Sam Rainsy, leader of Cambodia's political opposition, flew to Thailand yesterday to try to explain the xenophobic riots that forced 700 Thais to flee the smouldering capital of Phnom Penh last week. But he ended up held in protective custody, then bundled on the next plane to Singapore.
Tensions are still running high between the two neighbouring countries. Cambodians are barred from entering Thailand, and vice versa. Glum gamblers are penned up near the frontier, making desultory bets on when Thais might be allowed to cross over to the Cambodian casinos.
Despite a grovelling apology from the Cambodian Prime Minister, Hun Sen, plus a promise of pounds 14m compensation for damage to the Thai embassy, three hotels and Thai-owned businesses in Phnom Penh on Wednesday night, the rift will take some time to heal. It did not help that one of the businesses firebombed was the mobile phone firm owned by the family of Thailand's Prime Minster, Thaksin Shinawatra.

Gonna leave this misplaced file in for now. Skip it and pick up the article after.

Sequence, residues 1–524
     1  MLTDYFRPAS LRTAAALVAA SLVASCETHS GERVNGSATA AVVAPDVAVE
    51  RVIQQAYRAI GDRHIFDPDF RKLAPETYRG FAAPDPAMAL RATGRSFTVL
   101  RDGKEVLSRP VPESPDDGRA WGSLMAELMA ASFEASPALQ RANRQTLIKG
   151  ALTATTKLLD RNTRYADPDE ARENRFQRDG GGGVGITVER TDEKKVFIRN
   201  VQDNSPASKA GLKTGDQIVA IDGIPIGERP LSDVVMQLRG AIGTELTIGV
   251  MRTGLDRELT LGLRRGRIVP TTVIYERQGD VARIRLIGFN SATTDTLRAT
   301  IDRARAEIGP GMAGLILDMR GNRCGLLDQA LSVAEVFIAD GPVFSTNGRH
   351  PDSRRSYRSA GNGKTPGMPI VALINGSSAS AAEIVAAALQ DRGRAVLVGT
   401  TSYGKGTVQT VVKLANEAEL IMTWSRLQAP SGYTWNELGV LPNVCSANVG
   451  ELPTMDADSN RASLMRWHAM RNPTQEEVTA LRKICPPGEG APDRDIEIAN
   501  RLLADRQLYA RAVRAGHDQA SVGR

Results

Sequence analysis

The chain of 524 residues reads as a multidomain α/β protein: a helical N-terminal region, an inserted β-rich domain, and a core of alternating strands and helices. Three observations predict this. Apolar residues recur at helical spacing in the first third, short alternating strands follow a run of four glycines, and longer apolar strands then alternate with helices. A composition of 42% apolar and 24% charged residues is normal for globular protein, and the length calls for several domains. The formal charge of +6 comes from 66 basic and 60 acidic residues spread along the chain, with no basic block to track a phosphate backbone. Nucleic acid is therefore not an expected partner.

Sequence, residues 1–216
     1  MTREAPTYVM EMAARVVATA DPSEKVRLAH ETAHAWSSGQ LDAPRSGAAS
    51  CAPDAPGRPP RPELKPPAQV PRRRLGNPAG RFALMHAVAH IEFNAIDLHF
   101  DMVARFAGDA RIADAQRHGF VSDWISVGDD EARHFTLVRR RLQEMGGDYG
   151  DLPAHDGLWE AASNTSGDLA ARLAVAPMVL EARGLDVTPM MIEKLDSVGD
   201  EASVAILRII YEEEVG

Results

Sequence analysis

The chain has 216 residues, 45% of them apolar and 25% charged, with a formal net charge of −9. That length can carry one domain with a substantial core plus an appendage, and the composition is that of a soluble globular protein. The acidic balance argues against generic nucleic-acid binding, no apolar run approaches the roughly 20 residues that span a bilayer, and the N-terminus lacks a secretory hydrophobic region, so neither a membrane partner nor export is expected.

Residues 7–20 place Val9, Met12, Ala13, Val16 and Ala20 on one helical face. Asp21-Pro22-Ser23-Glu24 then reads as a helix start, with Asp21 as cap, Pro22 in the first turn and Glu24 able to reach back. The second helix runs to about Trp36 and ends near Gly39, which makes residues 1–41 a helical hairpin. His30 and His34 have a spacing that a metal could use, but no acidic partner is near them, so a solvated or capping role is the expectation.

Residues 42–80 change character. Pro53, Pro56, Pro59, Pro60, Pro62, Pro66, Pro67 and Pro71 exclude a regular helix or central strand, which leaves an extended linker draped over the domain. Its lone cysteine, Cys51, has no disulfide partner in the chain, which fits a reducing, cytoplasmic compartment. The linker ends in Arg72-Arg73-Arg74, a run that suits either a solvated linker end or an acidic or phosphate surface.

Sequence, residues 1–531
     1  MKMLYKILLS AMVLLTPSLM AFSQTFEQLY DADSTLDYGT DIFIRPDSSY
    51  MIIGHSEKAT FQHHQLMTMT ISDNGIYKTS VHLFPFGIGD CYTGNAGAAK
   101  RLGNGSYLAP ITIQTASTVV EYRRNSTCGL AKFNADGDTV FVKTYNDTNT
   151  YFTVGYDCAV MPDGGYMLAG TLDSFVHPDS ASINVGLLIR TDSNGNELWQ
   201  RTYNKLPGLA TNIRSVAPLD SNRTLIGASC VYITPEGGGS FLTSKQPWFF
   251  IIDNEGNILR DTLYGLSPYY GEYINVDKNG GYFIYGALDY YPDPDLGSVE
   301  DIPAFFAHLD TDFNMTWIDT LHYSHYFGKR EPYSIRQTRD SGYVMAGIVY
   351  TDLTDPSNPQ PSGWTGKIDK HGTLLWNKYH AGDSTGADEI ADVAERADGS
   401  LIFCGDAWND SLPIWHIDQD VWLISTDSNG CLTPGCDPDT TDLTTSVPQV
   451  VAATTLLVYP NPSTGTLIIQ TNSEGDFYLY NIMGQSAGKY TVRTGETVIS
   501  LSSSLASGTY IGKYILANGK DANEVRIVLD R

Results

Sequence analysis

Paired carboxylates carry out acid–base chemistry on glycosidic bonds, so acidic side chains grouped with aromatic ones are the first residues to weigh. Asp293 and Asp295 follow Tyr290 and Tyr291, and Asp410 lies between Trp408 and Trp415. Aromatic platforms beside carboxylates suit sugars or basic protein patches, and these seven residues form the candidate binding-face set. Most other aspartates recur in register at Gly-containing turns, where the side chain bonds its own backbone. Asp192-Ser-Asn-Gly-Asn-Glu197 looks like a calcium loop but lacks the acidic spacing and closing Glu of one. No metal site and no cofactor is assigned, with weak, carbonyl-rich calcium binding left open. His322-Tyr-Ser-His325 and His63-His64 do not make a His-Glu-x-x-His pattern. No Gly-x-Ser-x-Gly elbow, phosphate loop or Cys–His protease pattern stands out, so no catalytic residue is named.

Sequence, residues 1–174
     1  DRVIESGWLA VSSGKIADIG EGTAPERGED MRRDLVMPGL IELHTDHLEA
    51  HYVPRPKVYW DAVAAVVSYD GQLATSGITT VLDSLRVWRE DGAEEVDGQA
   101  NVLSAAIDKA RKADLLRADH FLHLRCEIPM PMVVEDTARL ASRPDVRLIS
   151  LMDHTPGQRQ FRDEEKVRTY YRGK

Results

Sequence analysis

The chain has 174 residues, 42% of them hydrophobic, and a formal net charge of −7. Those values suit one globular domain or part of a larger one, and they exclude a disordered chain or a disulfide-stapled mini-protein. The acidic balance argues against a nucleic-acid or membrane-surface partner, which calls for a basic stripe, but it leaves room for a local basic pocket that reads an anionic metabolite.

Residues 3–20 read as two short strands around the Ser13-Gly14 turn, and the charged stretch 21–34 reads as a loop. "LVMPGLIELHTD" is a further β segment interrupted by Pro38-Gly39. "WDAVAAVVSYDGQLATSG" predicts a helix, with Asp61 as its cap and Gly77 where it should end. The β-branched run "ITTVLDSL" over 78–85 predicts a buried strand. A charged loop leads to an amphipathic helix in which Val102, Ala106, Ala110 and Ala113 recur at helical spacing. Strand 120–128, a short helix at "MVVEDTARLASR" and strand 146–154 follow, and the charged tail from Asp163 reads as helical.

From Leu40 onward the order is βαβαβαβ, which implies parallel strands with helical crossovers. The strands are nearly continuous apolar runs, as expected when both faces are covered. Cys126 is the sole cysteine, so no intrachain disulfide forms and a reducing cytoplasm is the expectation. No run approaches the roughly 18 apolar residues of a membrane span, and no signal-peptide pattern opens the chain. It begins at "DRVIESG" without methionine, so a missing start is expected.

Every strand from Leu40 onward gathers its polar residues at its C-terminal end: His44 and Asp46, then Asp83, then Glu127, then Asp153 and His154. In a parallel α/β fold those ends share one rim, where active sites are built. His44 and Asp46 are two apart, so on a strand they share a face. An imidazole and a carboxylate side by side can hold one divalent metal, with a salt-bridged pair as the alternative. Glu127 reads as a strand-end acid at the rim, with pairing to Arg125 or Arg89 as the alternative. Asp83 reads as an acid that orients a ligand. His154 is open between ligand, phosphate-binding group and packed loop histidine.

Unlikely as it seems, the violence was triggered by an "insult" from the former ice skating champion Kob - otherwise Suwanan Konyig, 24, and now Thailand's hottest soap star - who was misquoted in the Khmer press as refusing to visit Cambodia until the temple of Angkor Wat was returned to Thailand.
Such apparent Thai arrogance sent Cambodian youths berserk. The ninth- century temple is a Khmer national treasure; it appears on the country's flag and on its currency. …